Urges Con Ed and Union
Bargain in Good Faith
by Robert M.
Reprint from the Times Digest, July 17, 2012
Because the dog days of summer
haven't really hit us yet, it is important that Con Edison
executives and its union leaders bargain in good faith to end the lockout
and ensure that all New Yorkers - from residents to small businesses and
large corporations - continue getting electricity.
We at BALCONY, the Business
and Labor Coalition of New York, are especially concerned with the
economic impact of this lockout. The recession and lagging economy have
shuttered many small businesses and left others hanging on precariously.
Any substantial power loss could
destroy many of these small businesses, which range from mom-and-pop
stores to corner bodegas to places where we get our shirts dry cleaned to
small restaurants where many of us enjoy an occasional meal.
There are tens of thousands of
small businesses across New York, many of them - 97,231 to be exact,
according to the Fiscal Policy Institute - are owned by
immigrants, hard-working people who came here in pursuit of the American
It would be a tragedy if any of
those businesses - or businesses owned by non-immigrants - would have to
shut their doors.
Restaurants and grocery stores for
example would not only lose customers but also thousands of dollars in
perishables like meat, fruit and vegetables. A couple of days of that
would force many to close.
As with any labor dispute, there
are two sides to the story and often the issues are complicated.
What is not in dispute is that Con
Ed locked out some 8,500 of its workers on July 1 and replaced them with
managers and retired supervisors.
The dispute focused on wages, health
care and pensions. Several days after the lockout began, Con Ed offered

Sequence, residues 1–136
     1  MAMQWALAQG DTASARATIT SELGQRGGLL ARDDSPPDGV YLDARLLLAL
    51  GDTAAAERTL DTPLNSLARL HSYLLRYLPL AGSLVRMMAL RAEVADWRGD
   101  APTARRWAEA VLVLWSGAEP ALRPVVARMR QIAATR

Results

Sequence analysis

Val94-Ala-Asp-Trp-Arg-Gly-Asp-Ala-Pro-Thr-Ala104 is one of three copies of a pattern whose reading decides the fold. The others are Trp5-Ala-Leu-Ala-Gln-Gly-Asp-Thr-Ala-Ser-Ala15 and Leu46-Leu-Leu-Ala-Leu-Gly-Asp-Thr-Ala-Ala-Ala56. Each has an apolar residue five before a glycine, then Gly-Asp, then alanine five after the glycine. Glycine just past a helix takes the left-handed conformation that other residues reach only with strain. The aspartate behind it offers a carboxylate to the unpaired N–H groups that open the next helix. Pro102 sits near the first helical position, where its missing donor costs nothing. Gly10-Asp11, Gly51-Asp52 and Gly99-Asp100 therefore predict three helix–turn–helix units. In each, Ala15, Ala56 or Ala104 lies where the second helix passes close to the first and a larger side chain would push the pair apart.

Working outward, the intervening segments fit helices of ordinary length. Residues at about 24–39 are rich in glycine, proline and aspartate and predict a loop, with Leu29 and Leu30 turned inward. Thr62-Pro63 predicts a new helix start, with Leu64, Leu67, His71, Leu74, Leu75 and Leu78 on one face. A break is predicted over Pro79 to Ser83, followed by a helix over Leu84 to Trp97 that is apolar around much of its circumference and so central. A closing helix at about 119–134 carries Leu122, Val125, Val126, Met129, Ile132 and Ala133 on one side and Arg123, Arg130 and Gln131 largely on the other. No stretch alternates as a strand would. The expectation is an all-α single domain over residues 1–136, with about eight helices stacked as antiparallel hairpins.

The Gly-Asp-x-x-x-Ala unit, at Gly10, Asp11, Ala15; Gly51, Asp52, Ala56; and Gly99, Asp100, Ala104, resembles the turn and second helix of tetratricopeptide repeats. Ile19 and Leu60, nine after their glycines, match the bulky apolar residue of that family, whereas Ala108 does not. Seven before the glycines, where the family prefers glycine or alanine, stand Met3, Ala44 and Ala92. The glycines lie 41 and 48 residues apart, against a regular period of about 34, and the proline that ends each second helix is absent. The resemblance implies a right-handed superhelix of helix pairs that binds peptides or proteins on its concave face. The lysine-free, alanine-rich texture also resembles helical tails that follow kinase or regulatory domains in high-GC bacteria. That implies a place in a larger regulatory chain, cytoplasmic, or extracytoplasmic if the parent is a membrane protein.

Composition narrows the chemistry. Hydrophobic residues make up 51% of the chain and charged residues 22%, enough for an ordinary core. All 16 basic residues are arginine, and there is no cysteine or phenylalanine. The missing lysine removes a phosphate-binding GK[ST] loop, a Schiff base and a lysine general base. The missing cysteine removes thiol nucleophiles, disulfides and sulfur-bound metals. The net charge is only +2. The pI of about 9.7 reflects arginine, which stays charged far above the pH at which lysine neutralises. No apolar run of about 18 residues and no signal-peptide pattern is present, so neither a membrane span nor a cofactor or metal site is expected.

workers a wage increase of more than 10% over four years, but remained
steadfast on its insistence that new hires move to a cash-balance pension
plan. It also wants to raise workers' contributions toward health
insurance from 17% to 24% over the four years.
Leaders of Local 1-2 of the Utility
Workers Union of America, which rejected the offer, strongly object
to the pension proposal, saying it would divide the union. After nearly two
weeks, the sides were still far apart.
Con Ed brought in 5,000 managers
and retired supervisors to replace the workers, saying they could deal
with any emergencies. The union claims the replacements are untrained and
note that at least three of the new workers were hurt in accidents in the
first few days of the lockout.
The lingering heat wave and
shortage of workers have also led to power reductions in certain
neighborhoods, angering residents and business owners who recently got
socked with an average 2.5% rate increase.
The summer heat is not going away
soon, raising the risk of brownouts or blackouts. We can only hope that
cooler heads prevail at the bargaining table.
Any substantial power loss would
not only affect small businesses, but could endanger the safety of all
Con Ed and its union must work to
reach a settlement as if lives depend on it - because, in fact, they do.
Robert M. Hayes is a Co-Chair of BALCONY and Senior Vice
President for Health Quality, Universal American Corp.